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3 Ways to Help Stop Domestic Violence at College

You’ve probably been hearing a lot about sexual assault recently: Donald Trump’s “locker room talk” audio tapes. Former Stanford University swimmer Brock Turner’s short six month sentence for sexual assault. Actor Nate Parker’s rape charge acquittal. The list goes on. But what you probably haven’t heard about are cases of domestic violence (sometimes called intimate partner violence) – physical, sexual or psychological abuse that happens in close personal relationships, often behind closed doors. And it’s not just between husbands and wives. It can happen between couples who are dating and even close platonic friends.

The people most likely to be victims of domestic violence are college-aged women (18-24). In fact, nearly half of women in college have been abused by someone they dated. That’s 1 in 2 women! But you can help change that.

Here are three ways you can help stop domestic violence on your college campus.

1. Know the Warning Signs

It may not happen in every case, but there are often red flags that someone you’re in a relationship with may be abusive. They include:

  • Isolating you from friends and family
  • Threatening to kill him/herself when you try to break up with them
  • Violent mood swings or an explosive temper
  • Stalking (in person or with phone calls, texts or emails)
  • Calling you derogatory names
  • Pressuring you to use drugs or alcohol
  • Demanding sex when you don’t want to

You should also look for signs that one of your friends or family members may be an abuse victim. Those signs include:

  • Unexplained injuries
  • Absence from school or work
  • Checking in with their partner frequently to tell him or her what they are doing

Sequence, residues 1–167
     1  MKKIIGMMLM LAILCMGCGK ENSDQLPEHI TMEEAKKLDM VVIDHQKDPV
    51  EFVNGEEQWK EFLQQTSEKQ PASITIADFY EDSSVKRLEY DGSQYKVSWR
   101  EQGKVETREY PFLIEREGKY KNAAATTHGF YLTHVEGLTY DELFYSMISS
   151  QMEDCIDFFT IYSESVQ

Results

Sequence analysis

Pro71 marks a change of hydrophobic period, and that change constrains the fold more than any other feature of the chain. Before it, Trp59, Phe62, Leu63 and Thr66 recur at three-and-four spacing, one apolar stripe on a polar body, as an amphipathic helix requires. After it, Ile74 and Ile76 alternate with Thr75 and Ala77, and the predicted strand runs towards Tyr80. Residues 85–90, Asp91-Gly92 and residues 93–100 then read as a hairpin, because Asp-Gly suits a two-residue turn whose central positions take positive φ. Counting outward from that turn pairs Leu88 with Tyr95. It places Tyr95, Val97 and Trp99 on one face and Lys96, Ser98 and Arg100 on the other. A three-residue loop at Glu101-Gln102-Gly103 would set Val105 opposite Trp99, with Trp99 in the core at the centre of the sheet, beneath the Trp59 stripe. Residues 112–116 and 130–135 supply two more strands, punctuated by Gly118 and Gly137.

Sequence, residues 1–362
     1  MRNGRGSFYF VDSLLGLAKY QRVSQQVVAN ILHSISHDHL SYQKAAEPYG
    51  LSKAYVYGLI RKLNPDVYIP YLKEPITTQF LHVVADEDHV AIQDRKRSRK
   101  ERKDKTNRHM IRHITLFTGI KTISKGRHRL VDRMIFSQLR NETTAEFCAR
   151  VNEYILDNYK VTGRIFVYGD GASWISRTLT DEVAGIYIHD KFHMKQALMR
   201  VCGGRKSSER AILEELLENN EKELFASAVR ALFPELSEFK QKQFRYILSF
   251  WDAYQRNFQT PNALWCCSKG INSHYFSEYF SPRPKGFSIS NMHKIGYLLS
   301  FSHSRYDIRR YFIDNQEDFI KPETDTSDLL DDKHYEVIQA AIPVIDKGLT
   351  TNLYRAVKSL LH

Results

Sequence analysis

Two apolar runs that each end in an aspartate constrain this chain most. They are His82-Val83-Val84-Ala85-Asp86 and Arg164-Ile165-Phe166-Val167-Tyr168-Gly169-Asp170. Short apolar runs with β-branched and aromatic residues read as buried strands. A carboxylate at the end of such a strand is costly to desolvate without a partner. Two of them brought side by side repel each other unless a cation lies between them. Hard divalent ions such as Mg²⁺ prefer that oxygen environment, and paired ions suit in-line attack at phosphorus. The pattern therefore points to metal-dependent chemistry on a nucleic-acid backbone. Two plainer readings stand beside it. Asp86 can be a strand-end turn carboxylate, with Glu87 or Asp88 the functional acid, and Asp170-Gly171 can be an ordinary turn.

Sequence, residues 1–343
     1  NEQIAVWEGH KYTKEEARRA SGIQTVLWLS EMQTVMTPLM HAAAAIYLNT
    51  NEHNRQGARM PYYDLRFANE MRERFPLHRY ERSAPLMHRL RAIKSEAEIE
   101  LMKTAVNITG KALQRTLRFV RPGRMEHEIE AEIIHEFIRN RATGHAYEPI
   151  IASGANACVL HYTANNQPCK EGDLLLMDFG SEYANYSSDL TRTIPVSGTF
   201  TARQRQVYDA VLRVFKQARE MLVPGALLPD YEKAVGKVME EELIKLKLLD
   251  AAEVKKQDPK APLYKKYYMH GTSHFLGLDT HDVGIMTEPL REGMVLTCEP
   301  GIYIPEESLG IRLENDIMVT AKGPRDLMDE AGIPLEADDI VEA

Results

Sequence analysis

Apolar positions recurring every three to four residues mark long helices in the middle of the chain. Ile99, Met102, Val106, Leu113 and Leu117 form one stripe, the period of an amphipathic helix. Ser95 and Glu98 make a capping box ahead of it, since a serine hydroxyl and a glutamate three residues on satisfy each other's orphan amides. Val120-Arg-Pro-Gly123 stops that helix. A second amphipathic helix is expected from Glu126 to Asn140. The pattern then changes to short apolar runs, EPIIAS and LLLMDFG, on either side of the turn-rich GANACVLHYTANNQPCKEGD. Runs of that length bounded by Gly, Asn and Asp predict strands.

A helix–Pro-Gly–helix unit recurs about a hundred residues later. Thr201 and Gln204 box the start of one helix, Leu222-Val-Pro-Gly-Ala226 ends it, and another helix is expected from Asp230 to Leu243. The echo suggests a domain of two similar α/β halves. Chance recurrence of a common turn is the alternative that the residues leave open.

• Going along with everything their partner does just to please him or her
  • Talking about their partner being jealous or possessive

2. Speak Up

Once you’ve identified the signs, it’s time to speak up. We know this is one of the hardest steps, but it’s important to get the help you or your friends need. Speaking up doesn’t necessarily mean confronting the abuser. It can mean a quick call to campus security, talking to an authority figure, like a professor or administrator, or reaching out to a friend who can help.

If you are intervening on behalf of a friend and know the aggressor, you can intervene, but always remember your safety comes first. Bring another person, or a group of people. Or if you’re unsure, call the police.

3. Be Your Sister’s (or Brother’s) Keeper

If you notice signs that your friend may be in an abusive relationship, don’t confront or criticize her or him. Instead, offer your support without judgment and lend a compassionate ear. Check in regularly and try to be on standby for emergency texts or calls.

She or he may also need your help finding counseling, medical treatment, or a safe place to sleep. You don’t need to be an expert, you just have to be willing to help when it’s needed.

If an abuse victim reaches out to you, listen. She or he may be working up the courage to leave the relationship or ask for professional help. If the victim is a stranger, neighbor, or acquaintance, give them the same love and encouragement as you would a friend. It takes a lot to reach out for help and that effort should be acknowledged and supported.

To truly help stop domestic violence on college campuses, all students must work together to recognize the signs, speak up, and be their sisters’ (or brothers’) keepers. We must work together to make a difference!

We started an initiative called My Sister’s Keeper to empower college women to become each other’s strongest advocates and protect one another from domestic violence. To learn more about MSK and how to bring it to your campus, click here.